- Apple CEO Tim Cook will testify alongside CEOs from Google, Amazon, and Facebook in an upcoming antitrust hearing next week.
- The App Store, a critical part of Apple’s burgeoning services business, is expected to be at the heart of regulators’ concerns when it comes to the iPhone maker.
- Apple has come under scrutiny for its policy of taking up to a 30% cut from App Store transactions, which some developers have said makes it difficult to compete with Apple.
- The biggest question is whether any action will result from the hearing and investigation.
- Apple’s services business has become more important for the company than ever as it’s been crucial in offsetting slowing iPhone sales.
- The hearing will take place on Wednesday, June 29 at noon EDT, according to reports, and will be streaming live on the House Judiciary’s YouTube channel.
- Visit Business Insider’s homepage for more stories.
Apple CEO Tim Cook is set to appear before Congress to testify alongside CEOs from Amazon, Google, and Facebook in an unprecedented antitrust hearing for the tech industry next week.
For the iPhone maker, its all-important App Store is expected to be at the heart of lawmakers’ concerns.
Apple’s App Store has come under scrutiny over the past year as developers and lawmakers have raised concerns about whether the company’s position as the operator of the App Store gives it an unfair advantage.
That tension is likely to culminate in the upcoming hearing, which is a critical part of the House Judiciary Antitrust Subcommittee’s investigation into whether the digital platforms offered by these companies are harming competition in the industry. The hearing was initially scheduled for Monday, July 27 but has been postponed. Axios reported that the new date for the hearing is Wednesday, June 29.
Apple’s services segment, which includes revenue generated from the App Store, is a critical part of Apple’s business, helping to offset slowing iPhone sales. Revenue from services hit an all-time record in the company’s fiscal second-quarter of 2020, growing by 16% compared to the same quarter one year ago. Sales of iPhone, meanwhile, were down roughly 7% versus the same quarter one year ago.
The concerns around the App Store are centered on Apple’s policy of taking up to a 30% commission from transactions made through the Apple Store. But it’s not just the rate alone that’s inviting controversy — it’s the fact that Apple offers its own services that are similar to those offered in the App Store. And since Apple doesn’t have to pay a commission rate to make its premium services available on iPhones, some app makers, like Spotify, have argued that it’s more difficult for them to price their offerings competitively.
“You have hundreds of thousands of developers, millions of developers, that the regulators are thinking about,” Gene Munster, managing partner at Loup Ventures and a longtime Apple watcher, said to Business Insider.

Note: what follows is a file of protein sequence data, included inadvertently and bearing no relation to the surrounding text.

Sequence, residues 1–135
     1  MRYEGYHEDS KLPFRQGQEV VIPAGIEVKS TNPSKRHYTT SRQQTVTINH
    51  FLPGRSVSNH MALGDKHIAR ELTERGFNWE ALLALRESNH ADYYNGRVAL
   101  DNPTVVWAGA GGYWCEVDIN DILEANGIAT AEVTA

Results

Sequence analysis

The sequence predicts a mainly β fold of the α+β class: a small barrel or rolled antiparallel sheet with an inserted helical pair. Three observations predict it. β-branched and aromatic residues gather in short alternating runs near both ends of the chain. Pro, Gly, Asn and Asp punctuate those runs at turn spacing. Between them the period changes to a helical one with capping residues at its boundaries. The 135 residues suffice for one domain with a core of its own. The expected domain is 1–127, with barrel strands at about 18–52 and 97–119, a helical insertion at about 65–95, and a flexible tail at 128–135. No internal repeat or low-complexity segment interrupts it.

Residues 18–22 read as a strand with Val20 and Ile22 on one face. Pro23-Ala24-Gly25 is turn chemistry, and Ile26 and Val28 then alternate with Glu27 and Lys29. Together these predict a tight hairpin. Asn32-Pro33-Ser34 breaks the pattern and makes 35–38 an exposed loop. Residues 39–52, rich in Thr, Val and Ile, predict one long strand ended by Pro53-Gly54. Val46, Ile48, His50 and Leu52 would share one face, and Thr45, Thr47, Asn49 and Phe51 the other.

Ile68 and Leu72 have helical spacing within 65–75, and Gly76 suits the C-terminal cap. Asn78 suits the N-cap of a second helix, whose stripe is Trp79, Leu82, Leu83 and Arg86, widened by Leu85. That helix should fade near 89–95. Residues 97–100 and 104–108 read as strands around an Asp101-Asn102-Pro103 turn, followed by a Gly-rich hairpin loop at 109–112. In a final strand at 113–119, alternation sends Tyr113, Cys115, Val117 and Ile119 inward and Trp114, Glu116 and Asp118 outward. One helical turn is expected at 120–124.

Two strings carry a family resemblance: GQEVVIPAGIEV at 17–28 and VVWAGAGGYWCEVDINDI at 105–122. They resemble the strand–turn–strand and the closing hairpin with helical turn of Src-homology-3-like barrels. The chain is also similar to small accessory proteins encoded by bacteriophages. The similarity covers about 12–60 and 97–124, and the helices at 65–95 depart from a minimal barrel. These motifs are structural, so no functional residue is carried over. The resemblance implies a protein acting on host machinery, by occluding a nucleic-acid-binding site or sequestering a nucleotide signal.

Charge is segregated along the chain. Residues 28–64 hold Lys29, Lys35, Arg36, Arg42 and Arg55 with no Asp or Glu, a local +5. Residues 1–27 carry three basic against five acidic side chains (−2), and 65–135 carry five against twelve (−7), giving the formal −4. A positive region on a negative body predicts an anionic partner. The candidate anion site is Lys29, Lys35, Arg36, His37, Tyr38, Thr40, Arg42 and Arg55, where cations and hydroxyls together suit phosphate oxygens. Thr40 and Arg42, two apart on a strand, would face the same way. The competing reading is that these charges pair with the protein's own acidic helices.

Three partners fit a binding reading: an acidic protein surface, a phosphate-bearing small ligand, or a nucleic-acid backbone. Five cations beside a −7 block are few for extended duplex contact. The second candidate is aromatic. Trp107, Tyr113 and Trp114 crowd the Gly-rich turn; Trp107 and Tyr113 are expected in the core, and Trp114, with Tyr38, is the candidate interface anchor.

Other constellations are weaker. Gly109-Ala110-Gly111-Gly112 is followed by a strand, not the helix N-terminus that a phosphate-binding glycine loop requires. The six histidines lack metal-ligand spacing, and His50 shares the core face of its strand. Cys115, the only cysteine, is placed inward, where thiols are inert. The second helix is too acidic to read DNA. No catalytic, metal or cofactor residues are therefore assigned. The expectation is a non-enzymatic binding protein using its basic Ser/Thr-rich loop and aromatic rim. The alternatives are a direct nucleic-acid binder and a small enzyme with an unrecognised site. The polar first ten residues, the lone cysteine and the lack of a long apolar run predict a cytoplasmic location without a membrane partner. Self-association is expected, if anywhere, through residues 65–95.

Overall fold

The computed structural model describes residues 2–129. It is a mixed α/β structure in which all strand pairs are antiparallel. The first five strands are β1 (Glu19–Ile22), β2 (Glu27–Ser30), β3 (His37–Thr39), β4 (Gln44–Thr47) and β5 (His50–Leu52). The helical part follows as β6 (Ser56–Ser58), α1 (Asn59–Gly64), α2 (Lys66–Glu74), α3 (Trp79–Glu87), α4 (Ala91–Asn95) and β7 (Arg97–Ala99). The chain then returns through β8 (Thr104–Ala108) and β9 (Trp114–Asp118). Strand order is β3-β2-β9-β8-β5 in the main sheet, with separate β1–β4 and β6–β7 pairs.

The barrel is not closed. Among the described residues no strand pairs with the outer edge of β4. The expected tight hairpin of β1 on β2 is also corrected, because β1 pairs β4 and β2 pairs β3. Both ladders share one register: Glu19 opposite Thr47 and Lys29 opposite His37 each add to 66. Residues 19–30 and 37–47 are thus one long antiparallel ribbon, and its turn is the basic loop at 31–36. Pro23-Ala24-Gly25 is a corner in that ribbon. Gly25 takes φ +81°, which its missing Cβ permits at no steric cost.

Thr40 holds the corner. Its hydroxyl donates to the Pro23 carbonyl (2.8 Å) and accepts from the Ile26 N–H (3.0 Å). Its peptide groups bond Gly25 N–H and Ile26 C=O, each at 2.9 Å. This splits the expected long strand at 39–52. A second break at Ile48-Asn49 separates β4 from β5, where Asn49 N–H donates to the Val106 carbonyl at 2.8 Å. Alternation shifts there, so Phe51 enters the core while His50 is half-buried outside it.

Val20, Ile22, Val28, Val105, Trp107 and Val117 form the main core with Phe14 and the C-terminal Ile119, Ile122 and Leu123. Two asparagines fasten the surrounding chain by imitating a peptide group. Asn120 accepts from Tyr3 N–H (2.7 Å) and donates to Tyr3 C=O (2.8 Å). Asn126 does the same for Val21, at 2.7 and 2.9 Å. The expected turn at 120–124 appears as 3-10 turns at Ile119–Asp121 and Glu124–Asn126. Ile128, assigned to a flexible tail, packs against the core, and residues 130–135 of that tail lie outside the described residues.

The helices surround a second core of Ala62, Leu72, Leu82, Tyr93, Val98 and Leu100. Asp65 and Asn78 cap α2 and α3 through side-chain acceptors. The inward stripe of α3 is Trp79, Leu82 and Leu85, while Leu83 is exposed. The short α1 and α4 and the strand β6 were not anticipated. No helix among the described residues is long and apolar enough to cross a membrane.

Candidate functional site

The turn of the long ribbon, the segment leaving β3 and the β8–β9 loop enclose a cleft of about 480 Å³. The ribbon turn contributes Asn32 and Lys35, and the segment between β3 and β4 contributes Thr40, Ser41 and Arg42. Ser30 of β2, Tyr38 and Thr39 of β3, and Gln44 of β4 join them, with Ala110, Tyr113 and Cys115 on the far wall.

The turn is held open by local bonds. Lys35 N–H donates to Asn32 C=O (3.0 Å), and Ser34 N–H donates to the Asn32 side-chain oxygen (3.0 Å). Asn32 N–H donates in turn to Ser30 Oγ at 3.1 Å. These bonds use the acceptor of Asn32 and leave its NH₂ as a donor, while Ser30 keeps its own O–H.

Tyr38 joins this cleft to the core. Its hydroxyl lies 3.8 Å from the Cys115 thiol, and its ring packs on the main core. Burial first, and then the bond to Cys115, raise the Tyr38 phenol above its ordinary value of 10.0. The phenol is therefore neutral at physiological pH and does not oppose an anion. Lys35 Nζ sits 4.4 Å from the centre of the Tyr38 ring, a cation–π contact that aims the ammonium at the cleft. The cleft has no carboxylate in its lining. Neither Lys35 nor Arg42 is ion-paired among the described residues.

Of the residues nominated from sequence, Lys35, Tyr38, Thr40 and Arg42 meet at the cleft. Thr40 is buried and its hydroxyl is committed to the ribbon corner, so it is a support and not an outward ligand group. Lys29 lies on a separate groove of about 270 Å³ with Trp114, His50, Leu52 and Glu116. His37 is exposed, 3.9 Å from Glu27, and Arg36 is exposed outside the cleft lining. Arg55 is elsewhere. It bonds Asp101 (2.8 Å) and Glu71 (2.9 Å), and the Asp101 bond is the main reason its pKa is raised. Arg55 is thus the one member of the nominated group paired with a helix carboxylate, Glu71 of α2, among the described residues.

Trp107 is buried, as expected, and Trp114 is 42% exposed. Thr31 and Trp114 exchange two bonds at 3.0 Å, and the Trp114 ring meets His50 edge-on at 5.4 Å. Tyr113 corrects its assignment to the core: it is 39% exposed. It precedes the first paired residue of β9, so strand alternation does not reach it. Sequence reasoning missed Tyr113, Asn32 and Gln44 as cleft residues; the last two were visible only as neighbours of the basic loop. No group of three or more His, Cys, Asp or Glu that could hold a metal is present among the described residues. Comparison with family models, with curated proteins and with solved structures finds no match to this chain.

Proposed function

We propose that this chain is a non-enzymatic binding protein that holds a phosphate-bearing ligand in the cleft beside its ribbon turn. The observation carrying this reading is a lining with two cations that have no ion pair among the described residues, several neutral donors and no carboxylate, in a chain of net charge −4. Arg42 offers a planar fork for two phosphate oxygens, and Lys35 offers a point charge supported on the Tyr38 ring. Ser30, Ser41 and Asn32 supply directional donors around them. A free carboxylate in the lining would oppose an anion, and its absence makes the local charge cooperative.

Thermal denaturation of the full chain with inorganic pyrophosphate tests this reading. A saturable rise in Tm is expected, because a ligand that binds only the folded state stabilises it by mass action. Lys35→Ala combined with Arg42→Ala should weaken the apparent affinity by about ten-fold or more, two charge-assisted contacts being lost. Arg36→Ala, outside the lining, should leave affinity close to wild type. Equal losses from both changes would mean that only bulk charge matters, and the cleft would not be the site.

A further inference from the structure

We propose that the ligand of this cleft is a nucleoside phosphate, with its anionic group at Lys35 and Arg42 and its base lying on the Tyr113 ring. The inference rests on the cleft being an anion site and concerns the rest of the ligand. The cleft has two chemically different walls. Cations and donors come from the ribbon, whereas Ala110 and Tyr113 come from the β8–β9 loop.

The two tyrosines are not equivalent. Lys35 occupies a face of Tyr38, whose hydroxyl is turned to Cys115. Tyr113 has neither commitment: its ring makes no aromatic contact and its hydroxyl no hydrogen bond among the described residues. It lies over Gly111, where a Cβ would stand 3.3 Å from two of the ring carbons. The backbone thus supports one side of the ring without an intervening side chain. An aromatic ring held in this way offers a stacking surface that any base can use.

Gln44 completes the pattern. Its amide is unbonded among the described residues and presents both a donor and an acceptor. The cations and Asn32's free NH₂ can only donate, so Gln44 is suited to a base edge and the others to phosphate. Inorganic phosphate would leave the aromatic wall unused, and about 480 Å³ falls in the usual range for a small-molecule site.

Apple has not made any public statements about what Cook’s testimony will entail. But the company has made clear its stance that the App Store commission rates are fair and that the platform welcomes competition. The biggest evidence of this came earlier this week when economic consulting and strategy firm Analysis Group published an Apple-commissioned study showing that its App Store rates match those of other online marketplaces.
It’s a sign that Apple is wielding the tools it has at its disposal — which in this case includes funding research — to downplay antitrust concerns.
Daniel Ives, an analyst with Wedbush Securities, called this a “preemptive strike” ahead of the hearing.
“As we go into the congressional hearings, there’s going to be a laser focus on that App Store stronghold,” he told Business Insider.
Among the biggest questions surrounding the hearing isn’t what the regulators will bring up — it’s whether any action will be taken that requires Apple or the other involved companies to change their businesses. If any action is taken, there’s no way to really know what that could look like for Apple.
But some analysts have offered speculation on what types of regulations could be imposed to address antitrust concerns around the App Store. Tom Forte, a senior research analyst at D.A. Davidson, mentioned the possibility of Apple granting third-party services more access to its platform. Apple recently made some changes in this area by allowing iPhone owners to change the default web browser and email options in iOS 14, its next major iPhone software update.
In one extreme scenario, regulators could impose a new standardized pricing structure for app stores across the industry, Munster said.
Apple also has an advantage that could be beneficial in this situation compared to Google and Facebook: its reputation. While companies like Facebook and Google have come under scrutiny about the way they handle, manage, and protect consumer data, Apple has dodged such criticism. The company has used public hearings to remind consumers that it does not rely on advertising-driven business model and therefore argues it has no interest in collecting consumer data.
“I think the general consensus is that Apple is a stronger steward of personal privacy,” Robert Muller, an analyst for RBC Capital Markets, said. “So maybe that is one area that can help them out.”
Regardless, experts seem to think its unlikely that the industry will see a change anytime soon.
“I think there’s a light year gap between a hearing and actual changes,” Munster said. “I suspect that this is something that’s going to continue to be talked about, but ultimately, I don’t think there’s going to be any change.”
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